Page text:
Outperformance Is Most Likely Beyond One Year

Earlier, I suggested that my recommendations have a better chance of coming out ahead of their benchmarks if held beyond a single year. In other words, acting on a recommendation and then assuming outperformance within a year or less, akin to a rather short-term orientation, may be expecting too much from these Model Portfolios.

With that in mind, let's look at how Portfolios from 1, 3, and 5 year ago did.

Model Portfolios From One Year Ago

You can view our January 2014 recommendations here.

Stock Funds

Here is a summary of how our recommendations did when held for the entire year in the percentage allocations we recommended, including what helped the portfolio and what hurt it:

Important note: When more than one fund was recommended for a given fund category, we have always divided the allocation equally between each of the funds when calculating Portfolio performance. Note however, that, as stated above, when more than one fund is listed for a given category, the first one shown has always been our own preference. Therefore, performance of these "equally-weighted" categories often understates how one would have done if one had emphasized our first choice within a category, since quite typically, our first choice has been a better performer than the average return of any remaining funds shown within the category.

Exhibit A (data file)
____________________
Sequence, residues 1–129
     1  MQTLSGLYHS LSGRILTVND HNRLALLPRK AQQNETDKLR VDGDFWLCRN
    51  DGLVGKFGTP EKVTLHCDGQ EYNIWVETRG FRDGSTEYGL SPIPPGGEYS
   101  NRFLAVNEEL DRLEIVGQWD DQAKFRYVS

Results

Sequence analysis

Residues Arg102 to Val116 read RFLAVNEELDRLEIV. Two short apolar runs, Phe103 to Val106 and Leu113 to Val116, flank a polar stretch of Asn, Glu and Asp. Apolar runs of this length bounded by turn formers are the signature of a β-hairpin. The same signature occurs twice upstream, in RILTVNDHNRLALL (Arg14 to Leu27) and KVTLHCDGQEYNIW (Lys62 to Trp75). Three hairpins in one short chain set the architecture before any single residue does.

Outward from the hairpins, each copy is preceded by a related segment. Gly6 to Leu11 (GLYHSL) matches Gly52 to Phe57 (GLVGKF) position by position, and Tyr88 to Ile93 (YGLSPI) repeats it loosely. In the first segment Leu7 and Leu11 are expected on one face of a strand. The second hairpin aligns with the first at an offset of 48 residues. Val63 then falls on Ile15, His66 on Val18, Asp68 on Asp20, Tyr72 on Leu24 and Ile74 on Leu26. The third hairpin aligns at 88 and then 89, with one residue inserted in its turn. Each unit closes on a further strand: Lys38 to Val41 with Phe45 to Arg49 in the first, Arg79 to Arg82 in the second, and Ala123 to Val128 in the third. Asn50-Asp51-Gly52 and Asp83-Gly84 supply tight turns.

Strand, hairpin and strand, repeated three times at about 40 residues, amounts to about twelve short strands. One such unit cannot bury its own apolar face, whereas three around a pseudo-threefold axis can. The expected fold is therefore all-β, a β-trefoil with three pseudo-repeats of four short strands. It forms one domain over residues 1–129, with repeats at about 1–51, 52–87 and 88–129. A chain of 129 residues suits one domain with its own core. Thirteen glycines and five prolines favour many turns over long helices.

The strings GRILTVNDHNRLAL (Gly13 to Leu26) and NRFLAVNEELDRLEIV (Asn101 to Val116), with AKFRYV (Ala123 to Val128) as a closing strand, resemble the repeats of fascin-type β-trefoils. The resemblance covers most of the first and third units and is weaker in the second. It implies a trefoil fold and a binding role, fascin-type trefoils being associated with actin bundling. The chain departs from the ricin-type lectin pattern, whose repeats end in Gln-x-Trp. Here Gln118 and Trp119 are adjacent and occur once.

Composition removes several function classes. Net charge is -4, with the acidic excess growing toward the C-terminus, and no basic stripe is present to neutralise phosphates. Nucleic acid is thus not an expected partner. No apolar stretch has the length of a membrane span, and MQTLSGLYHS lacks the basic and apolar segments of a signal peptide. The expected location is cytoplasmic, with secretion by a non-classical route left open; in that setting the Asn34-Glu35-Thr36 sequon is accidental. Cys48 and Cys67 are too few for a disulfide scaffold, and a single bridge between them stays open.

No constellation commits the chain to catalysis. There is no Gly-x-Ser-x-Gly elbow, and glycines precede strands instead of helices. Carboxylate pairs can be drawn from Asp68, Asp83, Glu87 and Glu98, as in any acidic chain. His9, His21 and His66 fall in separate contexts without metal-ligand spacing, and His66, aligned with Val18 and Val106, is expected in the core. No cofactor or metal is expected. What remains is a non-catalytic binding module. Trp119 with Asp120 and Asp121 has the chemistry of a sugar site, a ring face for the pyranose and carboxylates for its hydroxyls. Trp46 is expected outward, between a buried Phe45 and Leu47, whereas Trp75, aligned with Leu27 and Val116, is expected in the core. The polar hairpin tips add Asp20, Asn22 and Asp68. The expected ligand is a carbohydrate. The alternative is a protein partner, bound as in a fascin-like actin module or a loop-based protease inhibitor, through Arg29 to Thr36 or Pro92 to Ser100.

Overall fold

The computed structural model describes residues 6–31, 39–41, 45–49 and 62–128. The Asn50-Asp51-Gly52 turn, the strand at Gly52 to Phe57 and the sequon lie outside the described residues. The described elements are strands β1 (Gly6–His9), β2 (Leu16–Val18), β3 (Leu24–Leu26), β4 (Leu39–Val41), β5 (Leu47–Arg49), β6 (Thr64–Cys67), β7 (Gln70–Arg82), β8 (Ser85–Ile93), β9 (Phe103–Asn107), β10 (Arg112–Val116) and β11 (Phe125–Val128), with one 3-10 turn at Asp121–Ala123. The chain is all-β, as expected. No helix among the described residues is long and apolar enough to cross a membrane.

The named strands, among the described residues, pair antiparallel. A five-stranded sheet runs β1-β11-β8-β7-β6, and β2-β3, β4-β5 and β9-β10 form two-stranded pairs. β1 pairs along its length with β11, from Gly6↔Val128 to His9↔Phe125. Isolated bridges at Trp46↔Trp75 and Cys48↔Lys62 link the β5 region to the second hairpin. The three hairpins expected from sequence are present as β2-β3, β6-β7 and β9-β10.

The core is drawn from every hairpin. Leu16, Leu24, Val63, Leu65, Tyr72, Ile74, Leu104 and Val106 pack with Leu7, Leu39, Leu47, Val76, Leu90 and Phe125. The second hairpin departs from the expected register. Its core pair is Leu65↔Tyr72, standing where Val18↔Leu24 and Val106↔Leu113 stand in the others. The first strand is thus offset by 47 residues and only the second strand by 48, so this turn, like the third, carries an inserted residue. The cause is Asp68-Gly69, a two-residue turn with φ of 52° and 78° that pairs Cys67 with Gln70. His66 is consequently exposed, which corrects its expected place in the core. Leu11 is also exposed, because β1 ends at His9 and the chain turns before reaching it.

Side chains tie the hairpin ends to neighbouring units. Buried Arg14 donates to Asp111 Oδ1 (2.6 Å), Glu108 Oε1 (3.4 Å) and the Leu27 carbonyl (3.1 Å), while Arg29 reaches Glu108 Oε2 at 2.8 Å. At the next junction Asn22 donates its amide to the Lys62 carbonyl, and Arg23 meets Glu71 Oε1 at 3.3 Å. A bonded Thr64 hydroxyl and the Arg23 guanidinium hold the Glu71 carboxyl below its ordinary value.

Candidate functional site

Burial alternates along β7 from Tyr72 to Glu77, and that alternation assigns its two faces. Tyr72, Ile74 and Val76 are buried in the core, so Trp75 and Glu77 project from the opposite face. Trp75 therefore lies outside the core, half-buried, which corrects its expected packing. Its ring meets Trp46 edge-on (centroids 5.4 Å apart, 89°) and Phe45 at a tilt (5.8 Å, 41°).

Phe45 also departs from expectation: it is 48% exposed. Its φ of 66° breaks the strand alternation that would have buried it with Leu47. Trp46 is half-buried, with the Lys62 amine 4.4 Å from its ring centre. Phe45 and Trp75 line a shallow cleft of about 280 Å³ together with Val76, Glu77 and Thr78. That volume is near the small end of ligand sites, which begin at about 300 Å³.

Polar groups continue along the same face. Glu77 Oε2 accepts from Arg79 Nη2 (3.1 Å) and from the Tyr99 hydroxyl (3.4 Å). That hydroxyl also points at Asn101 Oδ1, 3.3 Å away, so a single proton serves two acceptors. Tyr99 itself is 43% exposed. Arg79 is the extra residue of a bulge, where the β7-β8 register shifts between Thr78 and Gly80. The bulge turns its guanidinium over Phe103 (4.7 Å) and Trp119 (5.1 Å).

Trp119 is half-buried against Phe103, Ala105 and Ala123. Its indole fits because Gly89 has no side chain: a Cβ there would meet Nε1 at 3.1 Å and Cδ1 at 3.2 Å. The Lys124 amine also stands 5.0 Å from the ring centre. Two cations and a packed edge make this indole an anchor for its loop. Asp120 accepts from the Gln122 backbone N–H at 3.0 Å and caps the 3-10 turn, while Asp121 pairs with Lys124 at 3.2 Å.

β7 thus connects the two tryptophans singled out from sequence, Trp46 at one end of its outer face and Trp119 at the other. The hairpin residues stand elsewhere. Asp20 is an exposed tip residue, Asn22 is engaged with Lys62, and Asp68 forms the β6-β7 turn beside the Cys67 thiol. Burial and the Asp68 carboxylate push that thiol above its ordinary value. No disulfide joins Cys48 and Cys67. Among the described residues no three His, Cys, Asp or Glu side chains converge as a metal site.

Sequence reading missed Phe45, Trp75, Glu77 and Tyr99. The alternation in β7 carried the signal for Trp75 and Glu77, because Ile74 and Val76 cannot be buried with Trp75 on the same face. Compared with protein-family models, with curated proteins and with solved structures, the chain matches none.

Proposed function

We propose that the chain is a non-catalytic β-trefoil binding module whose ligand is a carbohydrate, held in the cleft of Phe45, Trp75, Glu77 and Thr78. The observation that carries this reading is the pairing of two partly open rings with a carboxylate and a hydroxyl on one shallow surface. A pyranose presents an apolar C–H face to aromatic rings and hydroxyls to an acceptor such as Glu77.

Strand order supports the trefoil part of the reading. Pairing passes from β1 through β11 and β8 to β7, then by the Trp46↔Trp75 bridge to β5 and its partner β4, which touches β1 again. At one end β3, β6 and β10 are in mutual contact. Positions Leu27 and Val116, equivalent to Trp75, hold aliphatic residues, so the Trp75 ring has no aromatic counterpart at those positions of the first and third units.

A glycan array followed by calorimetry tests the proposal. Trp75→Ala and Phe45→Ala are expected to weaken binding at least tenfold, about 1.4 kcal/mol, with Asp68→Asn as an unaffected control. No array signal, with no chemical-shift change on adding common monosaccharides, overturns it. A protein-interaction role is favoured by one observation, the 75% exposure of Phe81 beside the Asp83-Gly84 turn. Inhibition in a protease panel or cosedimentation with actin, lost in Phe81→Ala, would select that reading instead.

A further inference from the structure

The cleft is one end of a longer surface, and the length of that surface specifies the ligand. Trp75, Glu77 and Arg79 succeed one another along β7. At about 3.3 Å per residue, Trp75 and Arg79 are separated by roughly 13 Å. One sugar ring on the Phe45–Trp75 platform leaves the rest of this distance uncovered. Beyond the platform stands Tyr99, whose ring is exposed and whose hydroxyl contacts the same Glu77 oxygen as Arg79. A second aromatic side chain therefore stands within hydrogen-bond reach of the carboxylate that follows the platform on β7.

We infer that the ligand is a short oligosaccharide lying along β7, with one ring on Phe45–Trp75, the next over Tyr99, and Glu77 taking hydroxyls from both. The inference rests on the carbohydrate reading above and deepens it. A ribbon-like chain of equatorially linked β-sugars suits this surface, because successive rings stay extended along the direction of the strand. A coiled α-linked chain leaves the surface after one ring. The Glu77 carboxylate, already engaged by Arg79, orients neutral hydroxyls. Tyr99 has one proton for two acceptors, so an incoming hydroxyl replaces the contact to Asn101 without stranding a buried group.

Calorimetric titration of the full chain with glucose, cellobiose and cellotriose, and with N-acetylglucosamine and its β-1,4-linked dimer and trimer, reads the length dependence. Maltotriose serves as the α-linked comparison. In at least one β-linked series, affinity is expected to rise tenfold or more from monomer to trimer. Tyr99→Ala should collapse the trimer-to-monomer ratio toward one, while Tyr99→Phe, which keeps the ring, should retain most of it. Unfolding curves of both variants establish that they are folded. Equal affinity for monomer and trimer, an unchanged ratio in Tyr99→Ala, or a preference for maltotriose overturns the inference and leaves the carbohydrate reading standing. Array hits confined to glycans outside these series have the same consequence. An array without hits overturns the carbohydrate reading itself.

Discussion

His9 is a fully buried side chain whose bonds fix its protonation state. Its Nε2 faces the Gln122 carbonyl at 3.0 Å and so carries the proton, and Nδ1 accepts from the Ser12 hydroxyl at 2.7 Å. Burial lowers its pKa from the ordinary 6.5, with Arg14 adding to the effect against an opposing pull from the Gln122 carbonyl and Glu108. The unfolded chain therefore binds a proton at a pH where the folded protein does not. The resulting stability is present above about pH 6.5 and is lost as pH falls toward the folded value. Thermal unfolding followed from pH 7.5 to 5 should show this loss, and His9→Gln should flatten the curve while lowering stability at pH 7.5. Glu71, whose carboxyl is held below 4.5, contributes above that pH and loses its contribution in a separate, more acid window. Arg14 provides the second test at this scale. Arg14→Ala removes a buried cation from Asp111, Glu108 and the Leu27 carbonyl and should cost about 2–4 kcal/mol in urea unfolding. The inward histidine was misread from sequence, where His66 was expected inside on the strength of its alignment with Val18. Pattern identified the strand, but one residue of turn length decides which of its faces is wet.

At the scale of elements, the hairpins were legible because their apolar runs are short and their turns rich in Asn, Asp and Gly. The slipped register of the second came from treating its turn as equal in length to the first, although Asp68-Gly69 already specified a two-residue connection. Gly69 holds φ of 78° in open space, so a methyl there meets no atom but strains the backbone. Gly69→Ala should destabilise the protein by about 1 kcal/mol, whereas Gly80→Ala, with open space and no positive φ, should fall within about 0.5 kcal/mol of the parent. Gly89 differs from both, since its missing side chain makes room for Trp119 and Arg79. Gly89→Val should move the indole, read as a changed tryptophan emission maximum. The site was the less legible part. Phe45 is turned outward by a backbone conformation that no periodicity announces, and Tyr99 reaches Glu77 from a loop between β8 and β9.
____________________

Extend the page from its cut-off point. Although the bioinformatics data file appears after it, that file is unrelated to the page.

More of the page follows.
Our Stock Model Portfolio, which includes both domestic and international stock funds, returned 6.64%; our benchmark portfolio returned 6.76%. Thus, we trailed the benchmark by a miniscule -0.12%. On the other hand, our 9 US stock funds returned an average of 10.03%; the average diversified US stock fund returned 7.56% as reported in the Wall Street Journal.

While we were not able to outperform the benchmark, it must be realized that the benchmark consists of broad indices, which are not available to investors and which do not reflect expense ratios that must be encountered in funds or ETFs. The benchmark is made up of 65% US stocks (DJ Total Stock Market index) and 35% developed country and emerging market stocks (Spliced International Index).